No. They didn’t want to read. Reading is hard. So I built incentives into the syllabus and into class activities to ensure reading. I also provided reading guidance, on how to read non-fiction well. Without shame I will say that I borrowed from dissertation work—from Mortimer J. Adler and Charles Van Doren’s How to Read a Book. The book is 42 years old (published in 1972), and Adler’s first version came out in 1940. But the advice in the 1972 edition transcends the gap. If you haven’t read this book (even if you’re a college graduate—nay especially), acquire it post-haste!

What kind of reader were you as a child?

Pretty solid. My mother read to me a lot before she started working when I was five or six years old. I was sort of an indifferent reader through first and second grade. But in the third grade I picked up Laura Ingalls Wilder’s Little House on the Prairie series. I know the recent revelations regarding her motivations for writing those books, but I must have read that 8-book series a dozen times. A little later, as a fifth and sixth-grader I read, for some reason, A LOT of book on World War II. Finally, late in the sixth grade I was introduced to the Lord of the Rings series. After that, and through my middle-school/junior high years, I devoured a wide-range of books.

If you had to name one book that made you who you are today, what would it be?

This is a hard question—because you can go older or newer. In relation to older currents of my personal growth, it might be the Lord of the Rings series and the Bible. As a historian, in the beginning it was perhaps some combination of Peter Novick’s That Noble Dream, William Cronon’s Nature’s Metropolis (or maybe even Changes in the Land), and Thucydides History of the Peloponnesian War. These works put me on the path to being the person I am today. More recently I’ve been profoundly influenced by books like Dan Rodgers’ Age of Fracture and Louis Menand’s The Metaphysical Club.

If you could require the president to read one book, what would it be?

Thomas Piketty’s Capital, maybe? About three years ago I would’ve said Corey Robin’s The Reactionary Mind—or five years ago Susan Jacoby’s The Age of American Unreason.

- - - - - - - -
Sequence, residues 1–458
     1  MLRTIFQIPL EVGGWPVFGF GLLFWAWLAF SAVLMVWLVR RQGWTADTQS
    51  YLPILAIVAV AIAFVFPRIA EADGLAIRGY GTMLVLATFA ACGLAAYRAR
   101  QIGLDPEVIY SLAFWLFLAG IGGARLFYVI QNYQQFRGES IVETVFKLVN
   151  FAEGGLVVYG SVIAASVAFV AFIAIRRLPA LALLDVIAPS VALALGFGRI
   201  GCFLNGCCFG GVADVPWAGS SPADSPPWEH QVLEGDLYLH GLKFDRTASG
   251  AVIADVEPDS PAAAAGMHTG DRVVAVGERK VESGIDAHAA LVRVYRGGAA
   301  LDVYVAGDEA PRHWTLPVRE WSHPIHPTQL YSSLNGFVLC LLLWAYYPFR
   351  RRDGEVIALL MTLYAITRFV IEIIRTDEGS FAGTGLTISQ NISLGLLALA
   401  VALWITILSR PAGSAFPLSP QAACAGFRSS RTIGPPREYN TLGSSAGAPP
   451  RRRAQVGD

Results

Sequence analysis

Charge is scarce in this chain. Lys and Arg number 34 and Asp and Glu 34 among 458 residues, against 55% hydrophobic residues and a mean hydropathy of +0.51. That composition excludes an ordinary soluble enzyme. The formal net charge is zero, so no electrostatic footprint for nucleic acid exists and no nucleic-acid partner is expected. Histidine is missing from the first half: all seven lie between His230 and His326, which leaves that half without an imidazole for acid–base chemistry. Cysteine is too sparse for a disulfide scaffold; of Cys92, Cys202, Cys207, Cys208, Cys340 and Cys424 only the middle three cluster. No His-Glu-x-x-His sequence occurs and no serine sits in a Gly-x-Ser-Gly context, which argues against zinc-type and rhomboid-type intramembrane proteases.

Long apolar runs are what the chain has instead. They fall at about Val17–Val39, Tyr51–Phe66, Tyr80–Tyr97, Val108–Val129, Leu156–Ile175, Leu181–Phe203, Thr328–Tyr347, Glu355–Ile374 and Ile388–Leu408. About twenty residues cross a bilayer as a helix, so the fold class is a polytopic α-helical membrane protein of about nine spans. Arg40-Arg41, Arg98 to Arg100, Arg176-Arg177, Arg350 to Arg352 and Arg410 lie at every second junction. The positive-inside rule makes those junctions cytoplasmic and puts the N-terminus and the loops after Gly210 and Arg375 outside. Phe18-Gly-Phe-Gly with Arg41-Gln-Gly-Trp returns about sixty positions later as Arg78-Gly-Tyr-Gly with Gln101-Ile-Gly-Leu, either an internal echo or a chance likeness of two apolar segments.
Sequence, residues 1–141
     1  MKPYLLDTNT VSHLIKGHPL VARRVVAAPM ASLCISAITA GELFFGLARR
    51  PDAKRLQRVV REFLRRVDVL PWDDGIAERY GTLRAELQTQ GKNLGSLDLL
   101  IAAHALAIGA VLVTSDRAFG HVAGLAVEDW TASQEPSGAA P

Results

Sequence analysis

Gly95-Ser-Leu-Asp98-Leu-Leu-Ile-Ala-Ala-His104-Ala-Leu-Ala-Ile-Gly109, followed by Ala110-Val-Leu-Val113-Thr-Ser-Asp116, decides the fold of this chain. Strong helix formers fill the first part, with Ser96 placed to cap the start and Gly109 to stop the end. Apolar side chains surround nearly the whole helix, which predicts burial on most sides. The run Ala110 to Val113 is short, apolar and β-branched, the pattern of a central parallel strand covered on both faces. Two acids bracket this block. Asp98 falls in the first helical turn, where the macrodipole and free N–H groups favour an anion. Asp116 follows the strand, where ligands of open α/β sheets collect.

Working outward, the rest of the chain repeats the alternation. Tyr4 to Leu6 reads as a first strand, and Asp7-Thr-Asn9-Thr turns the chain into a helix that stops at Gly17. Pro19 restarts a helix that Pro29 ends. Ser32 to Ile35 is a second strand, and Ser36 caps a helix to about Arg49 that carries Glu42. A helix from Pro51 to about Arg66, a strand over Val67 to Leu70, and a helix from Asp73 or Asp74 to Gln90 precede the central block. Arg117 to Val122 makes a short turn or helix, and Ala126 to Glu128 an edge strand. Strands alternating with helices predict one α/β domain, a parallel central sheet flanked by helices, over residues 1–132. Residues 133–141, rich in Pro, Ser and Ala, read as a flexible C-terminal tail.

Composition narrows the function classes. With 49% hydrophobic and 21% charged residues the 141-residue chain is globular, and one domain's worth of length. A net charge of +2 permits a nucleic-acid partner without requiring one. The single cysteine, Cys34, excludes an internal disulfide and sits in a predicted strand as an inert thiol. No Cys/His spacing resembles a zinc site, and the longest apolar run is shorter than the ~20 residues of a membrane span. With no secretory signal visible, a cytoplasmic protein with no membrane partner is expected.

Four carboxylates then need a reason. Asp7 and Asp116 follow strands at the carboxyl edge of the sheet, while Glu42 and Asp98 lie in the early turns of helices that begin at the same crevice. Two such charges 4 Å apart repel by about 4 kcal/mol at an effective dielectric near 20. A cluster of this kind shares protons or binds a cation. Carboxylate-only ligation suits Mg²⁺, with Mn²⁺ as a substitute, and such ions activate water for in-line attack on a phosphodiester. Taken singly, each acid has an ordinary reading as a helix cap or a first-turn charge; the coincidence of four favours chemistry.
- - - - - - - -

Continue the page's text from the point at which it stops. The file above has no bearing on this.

You’re hosting a literary dinner party. Which three writers are invited?

The key here being “literary,” I’ll go with Willa Cather, Joseph Conrad, and Mark Twain.

What book did you feel as if you were supposed to like, and didn’t? Do you remember the last book you put down without finishing?

I almost never put down a book without finishing. This is because I spend a lot of time selecting my books—to avoid the very scenario you’re describing. But I usually have a hard time with parenting books. I’m currently having a hard time with Balzac’s Cousin Bette. Balzac is lively enough, but I’m having trouble seeing where it’s all going—or rather it feels like Balzac is taking too long to get there.

What books are you embarrassed not to have read yet?

Too many! Here’s a starter list: Laurel Thatcher Ulrich’s A Midwife’s Tale (that book has been hovering on my to-read list for years); Marx’s Capital and his other important essays; many of Shakespeare’s plays; John Locke’s Two Treatises of Government (especially #2); and too many of Nietzsche’s works.

What do you plan to read next?

The ones I mentioned above on my bookshelf/nightstand.

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One Comment
  1. Reblogged this on and commented:
    Thinking Through History has posted their response to the #Historiannchallenge. The post recommends a wide variety of books including Balzac’s Cousin Bette, Ray Haberski’s God and War: American Civil Religion Since 1945, William Cronon’s Nature’s Metropolis, and Thomas Piketty’s Capital.